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A persuasive argument, not that one should still be required, for handing women directors the reins more often on big-canvas action movies, The Old Guard represents a boldly assured step for Gina Prince-Bythewood away from the intimate romantic drama of strong previous work like Love & Basketball and Beyond the Lights. That said, what makes this gripping graphic novel adaptation so distinctive is the trust it places in its audience to stay glued through the quiet, character-building interludes threaded among excitingly varied fight scenes that crescendo in an expertly choreographed showdown.
Led with take-charge authority by Charlize Theron, flanked by a breakout turn from KiKi Layne, this is unusually soulful superhero material firmly rooted in real-world situations. Actually, calling the Netflix feature a superhero film seems reductive given the melancholy ambivalence shown by its protagonists toward their powers. But it’s definitely superhero-adjacent, and a welcome surprise for those of us craving more emotional layering and dramatic grit and less routine comic-strip wham-kapow.
RELEASE DATE Jul 10, 2020
This is a mainstream movie that benefits enormously from its intelligence and inclusivity: The Old Guard showcases commanding work from a woman of color in the director’s chair; a muscular co-lead role for a Black actress with intriguing elements put in place for her prominence in future installments (I’m so there); and most unexpectedly, a jolt of queer-positive representation via gay characters whose love is reaffirmed with stirring defiance in the face of macho scorn.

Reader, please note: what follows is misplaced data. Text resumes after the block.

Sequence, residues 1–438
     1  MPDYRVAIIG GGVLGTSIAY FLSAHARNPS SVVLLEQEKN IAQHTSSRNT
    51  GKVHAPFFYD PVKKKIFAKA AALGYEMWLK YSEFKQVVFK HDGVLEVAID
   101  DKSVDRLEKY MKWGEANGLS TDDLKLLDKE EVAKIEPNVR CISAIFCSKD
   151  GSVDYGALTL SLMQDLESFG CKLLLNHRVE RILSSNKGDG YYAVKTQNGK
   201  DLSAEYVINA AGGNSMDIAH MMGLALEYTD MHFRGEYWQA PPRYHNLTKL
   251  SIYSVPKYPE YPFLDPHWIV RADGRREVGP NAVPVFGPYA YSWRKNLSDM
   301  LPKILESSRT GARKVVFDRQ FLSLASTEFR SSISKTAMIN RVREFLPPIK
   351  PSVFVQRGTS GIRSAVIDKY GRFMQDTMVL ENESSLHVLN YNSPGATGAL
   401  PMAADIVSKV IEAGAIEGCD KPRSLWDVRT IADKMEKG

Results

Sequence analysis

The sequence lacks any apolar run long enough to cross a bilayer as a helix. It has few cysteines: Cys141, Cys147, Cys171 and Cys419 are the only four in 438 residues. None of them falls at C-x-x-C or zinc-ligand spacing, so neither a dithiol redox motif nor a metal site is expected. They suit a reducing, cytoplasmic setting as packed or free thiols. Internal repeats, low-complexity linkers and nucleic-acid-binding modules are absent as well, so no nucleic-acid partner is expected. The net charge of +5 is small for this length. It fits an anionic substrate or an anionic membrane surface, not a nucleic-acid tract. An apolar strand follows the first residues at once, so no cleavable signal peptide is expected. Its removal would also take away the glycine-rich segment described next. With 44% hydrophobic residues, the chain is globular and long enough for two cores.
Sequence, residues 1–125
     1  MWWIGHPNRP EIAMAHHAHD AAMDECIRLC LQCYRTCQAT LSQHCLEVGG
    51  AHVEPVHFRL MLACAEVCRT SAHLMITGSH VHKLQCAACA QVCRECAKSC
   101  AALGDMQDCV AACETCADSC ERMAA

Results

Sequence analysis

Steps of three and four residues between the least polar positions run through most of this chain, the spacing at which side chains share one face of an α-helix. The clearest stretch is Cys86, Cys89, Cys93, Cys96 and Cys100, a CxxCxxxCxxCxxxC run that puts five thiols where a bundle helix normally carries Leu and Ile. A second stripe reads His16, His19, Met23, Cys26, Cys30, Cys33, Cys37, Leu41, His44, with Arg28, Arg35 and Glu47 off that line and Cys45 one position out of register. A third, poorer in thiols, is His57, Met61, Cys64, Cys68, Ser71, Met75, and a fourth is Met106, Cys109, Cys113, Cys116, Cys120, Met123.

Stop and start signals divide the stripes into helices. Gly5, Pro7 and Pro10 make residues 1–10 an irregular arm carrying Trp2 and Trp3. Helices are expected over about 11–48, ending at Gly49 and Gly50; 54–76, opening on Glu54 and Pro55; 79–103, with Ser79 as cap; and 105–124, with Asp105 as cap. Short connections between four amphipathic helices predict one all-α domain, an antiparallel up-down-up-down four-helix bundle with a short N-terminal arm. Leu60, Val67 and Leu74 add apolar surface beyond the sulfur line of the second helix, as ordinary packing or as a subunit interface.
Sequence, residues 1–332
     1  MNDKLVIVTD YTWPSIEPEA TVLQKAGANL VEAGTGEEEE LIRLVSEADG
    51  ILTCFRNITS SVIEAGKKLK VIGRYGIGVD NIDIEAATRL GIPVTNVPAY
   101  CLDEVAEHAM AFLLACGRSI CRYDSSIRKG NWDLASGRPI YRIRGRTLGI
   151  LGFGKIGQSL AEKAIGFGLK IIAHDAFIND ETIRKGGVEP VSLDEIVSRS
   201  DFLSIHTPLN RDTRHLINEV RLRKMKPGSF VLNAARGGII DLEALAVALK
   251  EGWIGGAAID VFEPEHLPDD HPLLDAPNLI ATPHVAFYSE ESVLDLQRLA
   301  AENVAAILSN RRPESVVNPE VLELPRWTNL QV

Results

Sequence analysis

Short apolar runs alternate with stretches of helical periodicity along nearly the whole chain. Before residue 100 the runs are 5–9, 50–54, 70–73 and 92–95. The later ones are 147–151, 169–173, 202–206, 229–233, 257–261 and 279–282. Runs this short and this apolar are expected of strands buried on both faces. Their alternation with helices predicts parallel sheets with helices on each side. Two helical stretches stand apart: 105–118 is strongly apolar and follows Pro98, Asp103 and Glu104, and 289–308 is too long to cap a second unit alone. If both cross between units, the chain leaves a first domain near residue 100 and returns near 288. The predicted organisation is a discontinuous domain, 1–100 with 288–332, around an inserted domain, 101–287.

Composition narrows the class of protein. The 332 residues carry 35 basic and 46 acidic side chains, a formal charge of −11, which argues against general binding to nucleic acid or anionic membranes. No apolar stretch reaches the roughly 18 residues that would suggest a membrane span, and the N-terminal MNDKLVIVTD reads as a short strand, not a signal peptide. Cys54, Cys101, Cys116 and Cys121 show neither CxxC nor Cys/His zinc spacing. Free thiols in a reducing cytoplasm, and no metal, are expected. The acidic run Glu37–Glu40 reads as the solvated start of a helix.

Adapting his series of graphic novels (illustrated by Leandro Fernandez), screenwriter Greg Rucka also adds texture through his sensitive observation of the lingering trauma of war, the weight of violence and the loss of family while grounding the story’s villainy in a portrait of 21st century capitalism that blurs the lines between greed and sadism. Making the heroes’ chief antagonist a maniacal misfit nerd who heads a Big Pharma corporation — played by Harry Melling, the Harry Potter franchise’s Dudley Dursley, all grown up — only adds to the heightened stakes of superpowers battling against the rampant ills of our contemporary world.